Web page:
Monday links: Where have all the Kelmscotts gone?


This copy of the Kelmscott Chaucer was bound in silver by James Brockman and Rod Kelly in 1998-2003. Image is from v.16 of Skin Deep, the newsletter of J Hewit and Sons, Ltd.

When it comes to nerdy book enthusiast news, it doesn't get much nerdier than following a census of copies of a certain edition of a book. But when the book in question is the famous Kelmscott Chaucer published by William Morris in 1896, I can't help myself.

In The Kelmscott Chaucer: A Census (Oak Knoll Press, 2011), William S. Peterson and Sylvia Holton Peterson attempted to track down all 440 copies of the original pressrun. They managed to find about two-thirds of them and wrote about each copy's history and provenance in the book. Now they maintain a blog to post updates about newly discovered copies as well as Kelmscott-related exhibits and other news.

If this appeals to you, too (or if you want to see beautiful images from the book and photos of some of the various bindings that have been performed on it over the years), check out their blog at The Kelmscott Chaucer.

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As a new thing here on the blue bluer books blog, I'm going to do a weekly roundup of links to book arts news stories that have caught my eye. It's one of my favorite features on blogs that I follow, from graphic design-themed blogs to hockey ones, so I hope that it might bring you some news that you might not find otherwise.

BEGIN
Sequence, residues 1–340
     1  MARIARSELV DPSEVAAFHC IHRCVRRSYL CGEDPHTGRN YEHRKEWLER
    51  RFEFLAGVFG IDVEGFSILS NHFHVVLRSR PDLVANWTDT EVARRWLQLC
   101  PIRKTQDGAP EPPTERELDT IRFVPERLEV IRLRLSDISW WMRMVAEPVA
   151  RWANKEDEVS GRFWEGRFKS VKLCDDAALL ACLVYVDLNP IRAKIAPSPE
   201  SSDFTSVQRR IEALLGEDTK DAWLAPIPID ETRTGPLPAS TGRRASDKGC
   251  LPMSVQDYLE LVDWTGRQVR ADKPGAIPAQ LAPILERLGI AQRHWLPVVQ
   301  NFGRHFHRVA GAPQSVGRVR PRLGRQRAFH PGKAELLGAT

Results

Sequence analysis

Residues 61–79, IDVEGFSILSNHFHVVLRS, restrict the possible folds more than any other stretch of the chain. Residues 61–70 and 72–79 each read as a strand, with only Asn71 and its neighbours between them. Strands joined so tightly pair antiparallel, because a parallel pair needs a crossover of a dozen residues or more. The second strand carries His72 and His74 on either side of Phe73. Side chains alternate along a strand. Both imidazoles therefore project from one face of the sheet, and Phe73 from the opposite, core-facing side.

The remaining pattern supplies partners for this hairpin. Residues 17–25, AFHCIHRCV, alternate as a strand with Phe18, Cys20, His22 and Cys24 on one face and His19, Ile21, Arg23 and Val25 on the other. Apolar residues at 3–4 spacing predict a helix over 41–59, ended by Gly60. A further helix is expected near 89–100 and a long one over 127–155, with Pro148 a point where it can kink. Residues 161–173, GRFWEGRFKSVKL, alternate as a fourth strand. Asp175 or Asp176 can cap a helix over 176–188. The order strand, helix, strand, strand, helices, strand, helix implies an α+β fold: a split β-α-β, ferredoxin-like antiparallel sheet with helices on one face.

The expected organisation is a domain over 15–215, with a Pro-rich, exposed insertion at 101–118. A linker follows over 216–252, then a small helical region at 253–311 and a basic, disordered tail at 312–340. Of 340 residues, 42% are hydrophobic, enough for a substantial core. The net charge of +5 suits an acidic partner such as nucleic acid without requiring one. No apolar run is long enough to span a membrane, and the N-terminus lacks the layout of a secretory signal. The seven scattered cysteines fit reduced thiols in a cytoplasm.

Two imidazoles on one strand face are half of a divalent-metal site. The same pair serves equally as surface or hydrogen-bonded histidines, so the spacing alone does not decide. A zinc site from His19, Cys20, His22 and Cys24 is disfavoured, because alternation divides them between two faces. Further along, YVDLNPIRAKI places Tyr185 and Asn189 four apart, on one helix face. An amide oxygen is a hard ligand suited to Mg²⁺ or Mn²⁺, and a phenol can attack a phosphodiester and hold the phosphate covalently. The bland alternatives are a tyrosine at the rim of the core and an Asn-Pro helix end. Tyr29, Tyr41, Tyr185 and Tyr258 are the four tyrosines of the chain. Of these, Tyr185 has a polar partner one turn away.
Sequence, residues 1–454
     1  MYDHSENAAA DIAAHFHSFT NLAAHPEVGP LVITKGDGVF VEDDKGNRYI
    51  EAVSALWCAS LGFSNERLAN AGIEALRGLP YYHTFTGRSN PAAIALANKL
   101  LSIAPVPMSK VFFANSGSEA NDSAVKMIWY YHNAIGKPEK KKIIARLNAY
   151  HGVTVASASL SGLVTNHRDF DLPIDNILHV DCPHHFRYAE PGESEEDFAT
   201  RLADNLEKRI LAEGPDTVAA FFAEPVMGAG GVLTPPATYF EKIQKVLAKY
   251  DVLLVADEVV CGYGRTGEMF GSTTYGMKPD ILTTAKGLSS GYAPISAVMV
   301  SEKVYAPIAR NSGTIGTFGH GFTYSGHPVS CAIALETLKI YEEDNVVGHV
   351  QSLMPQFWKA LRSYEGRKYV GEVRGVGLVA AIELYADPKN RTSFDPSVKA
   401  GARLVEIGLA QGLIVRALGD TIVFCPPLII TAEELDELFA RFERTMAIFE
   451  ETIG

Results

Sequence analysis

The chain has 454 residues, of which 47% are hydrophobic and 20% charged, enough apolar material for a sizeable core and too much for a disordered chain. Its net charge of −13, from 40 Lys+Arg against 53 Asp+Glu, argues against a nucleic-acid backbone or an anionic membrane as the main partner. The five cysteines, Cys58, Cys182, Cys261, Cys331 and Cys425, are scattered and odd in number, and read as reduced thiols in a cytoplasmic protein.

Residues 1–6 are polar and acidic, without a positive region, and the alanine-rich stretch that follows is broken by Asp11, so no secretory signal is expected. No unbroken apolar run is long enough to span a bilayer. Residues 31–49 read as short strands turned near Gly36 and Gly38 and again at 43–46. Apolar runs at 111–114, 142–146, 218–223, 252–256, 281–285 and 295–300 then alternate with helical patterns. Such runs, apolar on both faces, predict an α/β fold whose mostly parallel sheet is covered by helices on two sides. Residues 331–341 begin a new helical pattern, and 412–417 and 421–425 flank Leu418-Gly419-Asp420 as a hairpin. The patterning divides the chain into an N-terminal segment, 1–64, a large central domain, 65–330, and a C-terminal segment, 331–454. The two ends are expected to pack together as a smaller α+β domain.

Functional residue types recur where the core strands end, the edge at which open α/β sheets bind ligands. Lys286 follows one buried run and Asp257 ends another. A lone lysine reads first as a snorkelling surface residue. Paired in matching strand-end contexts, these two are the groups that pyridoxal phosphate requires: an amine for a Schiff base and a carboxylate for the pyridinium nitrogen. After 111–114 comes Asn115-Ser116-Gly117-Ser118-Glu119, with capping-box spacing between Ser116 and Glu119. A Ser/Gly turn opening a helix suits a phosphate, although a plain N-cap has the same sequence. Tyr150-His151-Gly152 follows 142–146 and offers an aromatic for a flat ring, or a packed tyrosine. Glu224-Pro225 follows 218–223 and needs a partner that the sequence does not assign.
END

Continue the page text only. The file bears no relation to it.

If you have any recommendations, please drop me a line in the comments below or contact me.

Links!:

* The Crouch Fine Arts Library at Baylor University has a special online exhibit of artists' books to celebrate Valentine's Day

* At Dimitri's Bookbinding Corner, Dimitri Koutsipetsidis describes his unique binding for a copy of Graham Masterton's novel A Terrible Beauty

* Susan Angebranndt at Green Chair Press continues her project to create a new book each week inspired by a prompt from the Dictionary.com whttp://www.blogger.com/img/blank.giford of the day. Up this week: Neoterism!

* Speaking of weekly projects, our own local NC book artist Kathy Steinsberger is posting weekly book projects on her Paper Buttons blog.

* And keeping it local, Dave Wofford of Horse and Buggy Press riffs on his new menu design for Watts Grocery over at his blog, Side Spur Ramblings.

There were loads more to share this week, but in the interest of getting the ball rolling, let's call it a post!